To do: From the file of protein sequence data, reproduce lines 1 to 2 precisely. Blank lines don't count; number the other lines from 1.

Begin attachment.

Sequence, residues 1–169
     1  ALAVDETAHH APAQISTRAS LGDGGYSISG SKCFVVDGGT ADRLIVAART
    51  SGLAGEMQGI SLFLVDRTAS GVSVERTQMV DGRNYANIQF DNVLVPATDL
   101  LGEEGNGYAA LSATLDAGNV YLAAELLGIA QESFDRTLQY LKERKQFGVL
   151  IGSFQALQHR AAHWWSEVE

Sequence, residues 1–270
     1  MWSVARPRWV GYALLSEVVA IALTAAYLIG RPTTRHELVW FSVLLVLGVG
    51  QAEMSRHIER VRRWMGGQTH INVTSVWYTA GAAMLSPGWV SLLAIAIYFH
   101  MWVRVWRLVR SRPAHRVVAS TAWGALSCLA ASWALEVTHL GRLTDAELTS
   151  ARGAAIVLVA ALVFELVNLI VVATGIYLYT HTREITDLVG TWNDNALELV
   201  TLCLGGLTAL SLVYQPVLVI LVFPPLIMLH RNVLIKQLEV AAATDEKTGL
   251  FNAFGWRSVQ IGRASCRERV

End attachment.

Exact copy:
Sequence, residues 1–169
     1  ALAVDETAHH APAQISTRAS LGDGGYSISG SKCFVVDGGT ADRLIVAART